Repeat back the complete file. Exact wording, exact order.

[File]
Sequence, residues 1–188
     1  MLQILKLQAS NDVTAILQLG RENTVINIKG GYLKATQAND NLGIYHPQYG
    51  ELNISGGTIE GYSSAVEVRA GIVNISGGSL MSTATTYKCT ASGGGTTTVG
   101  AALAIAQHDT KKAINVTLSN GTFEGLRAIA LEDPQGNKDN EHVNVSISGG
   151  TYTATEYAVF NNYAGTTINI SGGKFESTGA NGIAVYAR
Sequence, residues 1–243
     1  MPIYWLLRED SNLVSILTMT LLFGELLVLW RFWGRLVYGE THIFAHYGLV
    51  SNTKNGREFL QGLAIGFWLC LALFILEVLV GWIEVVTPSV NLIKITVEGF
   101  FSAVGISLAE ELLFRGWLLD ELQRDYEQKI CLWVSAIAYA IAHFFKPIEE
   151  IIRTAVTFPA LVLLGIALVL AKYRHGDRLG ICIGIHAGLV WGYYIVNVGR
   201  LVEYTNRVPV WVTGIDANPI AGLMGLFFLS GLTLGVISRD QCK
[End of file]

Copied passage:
Sequence, residues 1–188
     1  MLQILKLQAS NDVTAILQLG RENTVINIKG GYLKATQAND NLGIYHPQYG
    51  ELNISGGTIE GYSSAVEVRA GIVNISGGSL MSTATTYKCT ASGGGTTTVG
   101  AALAIAQHDT KKAINVTLSN GTFEGLRAIA LEDPQGNKDN EHVNVSISGG
   151  TYTATEYAVF NNYAGTTINI SGGKFESTGA NGIAVYAR
Sequence, residues 1–243
     1  MPIYWLLRED SNLVSILTMT LLFGELLVLW RFWGRLVYGE THIFAHYGLV
    51  SNTKNGREFL QGLAIGFWLC LALFILEVLV GWIEVVTPSV NLIKITVEGF
   101  FSAVGISLAE ELLFRGWLLD ELQRDYEQKI CLWVSAIAYA IAHFFKPIEE
   151  IIRTAVTFPA LVLLGIALVL AKYRHGDRLG ICIGIHAGLV WGYYIVNVGR
   201  LVEYTNRVPV WVTGIDANPI AGLMGLFFLS GLTLGVISRD QCK